Here are a few of my favorite sites with Responsive Design:
As we start projects and need to gather data to help inform strategy and design, we often need to add new custom tags to web applications that are already built. Because we don’t necessarily have direct access to the engineers that originally developed the applications we commonly run into hurdles caused by the fact that the original developers never thought about tagging the web applications. Below is a list of 11 simple steps/processes that application engineers can take to make tagging easy.
- Unique URLs: Much of web analytics tracking is based on page URLs. Make sure that dynamic pages, forms, and filters have unique URLs. When URLs follow standard SEO best practices, it is very helpful to analysts. For example, www.yoursite.com/productcategory/product is much better for tracking than www.yoursite.com/page?id=704077.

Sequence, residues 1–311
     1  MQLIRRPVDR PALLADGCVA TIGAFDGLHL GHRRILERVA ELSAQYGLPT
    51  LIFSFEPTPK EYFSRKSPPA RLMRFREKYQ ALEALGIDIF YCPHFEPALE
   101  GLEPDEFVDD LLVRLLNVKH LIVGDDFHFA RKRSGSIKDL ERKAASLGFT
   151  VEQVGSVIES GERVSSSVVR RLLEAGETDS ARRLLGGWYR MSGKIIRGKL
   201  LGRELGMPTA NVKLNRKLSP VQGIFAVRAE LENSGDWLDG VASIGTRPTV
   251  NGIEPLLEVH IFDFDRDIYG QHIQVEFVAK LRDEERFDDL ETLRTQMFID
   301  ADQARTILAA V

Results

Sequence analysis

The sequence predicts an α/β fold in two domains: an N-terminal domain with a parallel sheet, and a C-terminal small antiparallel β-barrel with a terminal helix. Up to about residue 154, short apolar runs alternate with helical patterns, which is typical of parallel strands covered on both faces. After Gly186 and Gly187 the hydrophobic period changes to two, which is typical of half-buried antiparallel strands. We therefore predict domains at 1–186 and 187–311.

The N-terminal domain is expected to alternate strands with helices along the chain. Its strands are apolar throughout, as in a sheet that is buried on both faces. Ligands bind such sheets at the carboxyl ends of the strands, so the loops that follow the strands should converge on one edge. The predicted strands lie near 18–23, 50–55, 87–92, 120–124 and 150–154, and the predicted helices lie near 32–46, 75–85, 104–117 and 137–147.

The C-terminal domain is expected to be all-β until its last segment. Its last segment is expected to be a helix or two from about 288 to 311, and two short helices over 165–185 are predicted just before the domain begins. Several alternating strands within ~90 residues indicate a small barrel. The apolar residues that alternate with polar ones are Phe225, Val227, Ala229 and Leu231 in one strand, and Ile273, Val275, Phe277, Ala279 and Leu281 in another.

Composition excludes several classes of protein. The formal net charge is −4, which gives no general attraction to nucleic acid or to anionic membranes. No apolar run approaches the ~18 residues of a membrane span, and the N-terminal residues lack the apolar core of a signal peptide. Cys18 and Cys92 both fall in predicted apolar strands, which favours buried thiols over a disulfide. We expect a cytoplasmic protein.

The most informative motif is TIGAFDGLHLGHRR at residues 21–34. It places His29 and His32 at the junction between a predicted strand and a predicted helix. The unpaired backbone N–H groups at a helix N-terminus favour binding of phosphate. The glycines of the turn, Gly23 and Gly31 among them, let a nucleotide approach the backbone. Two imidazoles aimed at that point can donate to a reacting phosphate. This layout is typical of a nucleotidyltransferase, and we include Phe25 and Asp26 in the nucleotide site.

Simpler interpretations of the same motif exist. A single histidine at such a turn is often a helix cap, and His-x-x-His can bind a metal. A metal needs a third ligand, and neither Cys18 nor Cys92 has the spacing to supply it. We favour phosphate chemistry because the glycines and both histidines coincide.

- URL Variables: When web applications use URL variables to communicate the state of the session (i.e. search queries, filters, customizations) this is great for analysts. Consider the following URL, www.hotelsite.com/denver/findaroom.aspx?startdate=7/14/12&enddate=7/17/12&pref=nonsmoking. From this one URL, the analyst can see the intent of the visitor (finding a room), the location, the duration of the trip, how far out the trip is being planned, and the smoking preferences of the visitor.
- Tag Container: Once applications are implemented, it can be tricky giving analysts access to the necessary files for updating page tags. Setting up a tag container will decrease the amount of time and resource needs to add/optimize site tracking.